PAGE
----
Fort Marcy, Va., Saturday, March 26th, 1864.
I was suddenly awakened at 5 o’clock this morning by Capt. McKeel of Company A, who rushed frantically into my quarters with the intelligence that the regiment had received “marching orders,” and was immediately to join the Army of the Potomac. McKeel appeared to be in great glee; declared that he had long been “spoiling for a fight”; that now the grand object of his military existence was to be attained, and that it would never be recorded of him that he had fought three years for his country without seeing an enemy or firing a gun. Much more of a similar heroic strain was indulged in by the valiant Jim in the exuberance of his spirits which I do not recall, owing probably to the fact that I did not myself receive the news as enthusiastically as was, perhaps, becoming in an officer so far away from the front. Indeed I may frankly say that just at that moment no order could have been more unexpected or undesirable to myself, for, forgetful of the proverbial mutability of human affairs, and particularly of military affairs, I had just completed for the officers of my company a residence within the fort, where I had fondly hoped to spend the remainder of my military life in comfort and security. The house itself was a model of architectural beauty considering the purposes for which it was erected, The main building, intended for the company commander, stood facing the company quarters just across the covered way leading up from the sally-porte. On either hand, adjoining and at right angles with this, the ends extending four or five feet to the front, stood the buildings designed for the Lieutenants, while connecting these ends and spanning the front of the Captain’s quarters, was a delightful little veranda, from which the doors to the three buildings opened to the right, left and centre. Thus constructed, the cottage was painted a light drab color, with dark cornices and trimmings, while the white window frames and veranda posts and railings, and three tiny red chimneys surmounting the black, steep roofs, improved the general effect, and rendered the whole structure one of the prettiest little edifices for officers’ quarters that it has been my good fortune to see. The interior, too, was no less neat and appropriate. Each apartment, separate and distinct from the others, was divided into two rooms, the floors of which were laid with narrow matched pine highly polished, and the walls and ceilings were done in the best style of hard finish plaster. In short the officers’ quarters of Fort Marcy were universally acknowledged to be the most attractive of anything of the kind in the “Defenses of Washington.”
It will, therefore, hardly be wondered at, that the order to march was welcomed by the Commander of Company H., Fourth N. Y. Heavy Artillery, about as joyfully as a mortar shell is received in a comfortable “Gopher-hole,” and that he looked upon the movement as an arbitrary exercise of a little brief authority on the part of the Government, and an unwarranted invasion of personal and proprietary rights. Receiving the intelligence, however, with a dont-care-a-darn-itive composure, I ventured to express my doubt of the veracity of the gallant McKeel, as if the news were too good to be true, and in fact I had strong grounds for hoping that I might be the victim of an innocent joke, inasmuch as Jim, being “Officer of the Day,” and so supposed to be up and awake all night, might reasonably be suspected of being on a reconnaisance for refreshments at that early hour, particularly as he knew the fact that a dozen of the “critter” was at that moment concealed beneath my bed, intended to do duty at a “house warming” appointed for the ensuing evening, in accordance with the ancient and time honored custom in all well regulated military organizations. But, alas, the fatal order, duly recorded in the Post-Order Book, soon exploded this theory and put to flight the last remaining hope, and casting one long, lingering look upon a pillow and a pair of snowy sheets just received from home, I arose and made a hasty but melancholy toilet. McKeel in the meantime entertained me with the enchanting strains of “Who would not be a Soldier,” and other inspiring and patriotic airs, until I “spiked his piece” with one of the bottles referred to, and with which I begged him to celebrate the auspicious occasion, and placing the other eleven bottles in line upon the window sill, I made my first “charge upon the enemy” by deliberately knocking off their heads and pitching their lifeless remains over the parapet, a proceeding, by the way, which Jim characterized as “a reckless waste of the blessings of Providence.”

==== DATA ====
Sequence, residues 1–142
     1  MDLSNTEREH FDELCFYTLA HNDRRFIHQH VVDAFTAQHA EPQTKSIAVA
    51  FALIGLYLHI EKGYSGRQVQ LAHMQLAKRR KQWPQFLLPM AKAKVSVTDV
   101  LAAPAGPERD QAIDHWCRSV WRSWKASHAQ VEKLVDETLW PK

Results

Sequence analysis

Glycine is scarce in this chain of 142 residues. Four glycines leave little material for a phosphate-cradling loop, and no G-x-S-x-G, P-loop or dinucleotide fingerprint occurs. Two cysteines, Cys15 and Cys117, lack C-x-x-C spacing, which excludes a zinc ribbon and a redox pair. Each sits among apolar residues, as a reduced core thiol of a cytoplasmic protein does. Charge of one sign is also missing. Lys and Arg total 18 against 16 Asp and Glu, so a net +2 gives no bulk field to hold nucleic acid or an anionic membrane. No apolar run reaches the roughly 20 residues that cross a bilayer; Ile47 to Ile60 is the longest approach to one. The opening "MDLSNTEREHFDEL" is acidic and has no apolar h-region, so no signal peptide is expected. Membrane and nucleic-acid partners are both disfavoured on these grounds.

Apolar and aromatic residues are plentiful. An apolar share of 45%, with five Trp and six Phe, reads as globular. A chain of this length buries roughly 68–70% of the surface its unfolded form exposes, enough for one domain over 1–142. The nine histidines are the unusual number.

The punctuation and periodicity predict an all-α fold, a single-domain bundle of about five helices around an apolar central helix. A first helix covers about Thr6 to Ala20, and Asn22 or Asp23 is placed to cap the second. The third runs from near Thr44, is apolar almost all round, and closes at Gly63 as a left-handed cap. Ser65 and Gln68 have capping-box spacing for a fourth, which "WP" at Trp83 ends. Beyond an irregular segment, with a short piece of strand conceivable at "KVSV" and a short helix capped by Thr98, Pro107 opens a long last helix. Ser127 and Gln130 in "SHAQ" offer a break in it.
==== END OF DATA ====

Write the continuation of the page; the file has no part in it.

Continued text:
Summoning Sergeant Theben, I directed that the company pack up and send off all superfluous baggage and effects, and be ready to march at daylight the next morning, and having packed my own knapsack, I sauntered over to Capt. McKeel’s quarters where most of the officers of the post were already assembled. Here there seemed to be a great diversity of opinion as to the true intent and meaning of the movement, each officer having his individual theory, but all expressing a decided apprehension that it meant Infantry instead of Artillery field service. A deputation to Headquarters at Fort Ethan Allen gained but little information, except that it was rumored there that we were to report to the Chief of Artillery of The Army of the Potomac; that Col. Tidball, our Colonel, was to take command of the Artillery Brigade of the Second Corps, and that the regiment was to have a Siege Train. This, though very unsatisfactory, was at least plausible, and with hopes for the best we spent the day in writing letters, packing up, sending off the sick to Washington, issuing rations and shelter tents and generally preparing to move.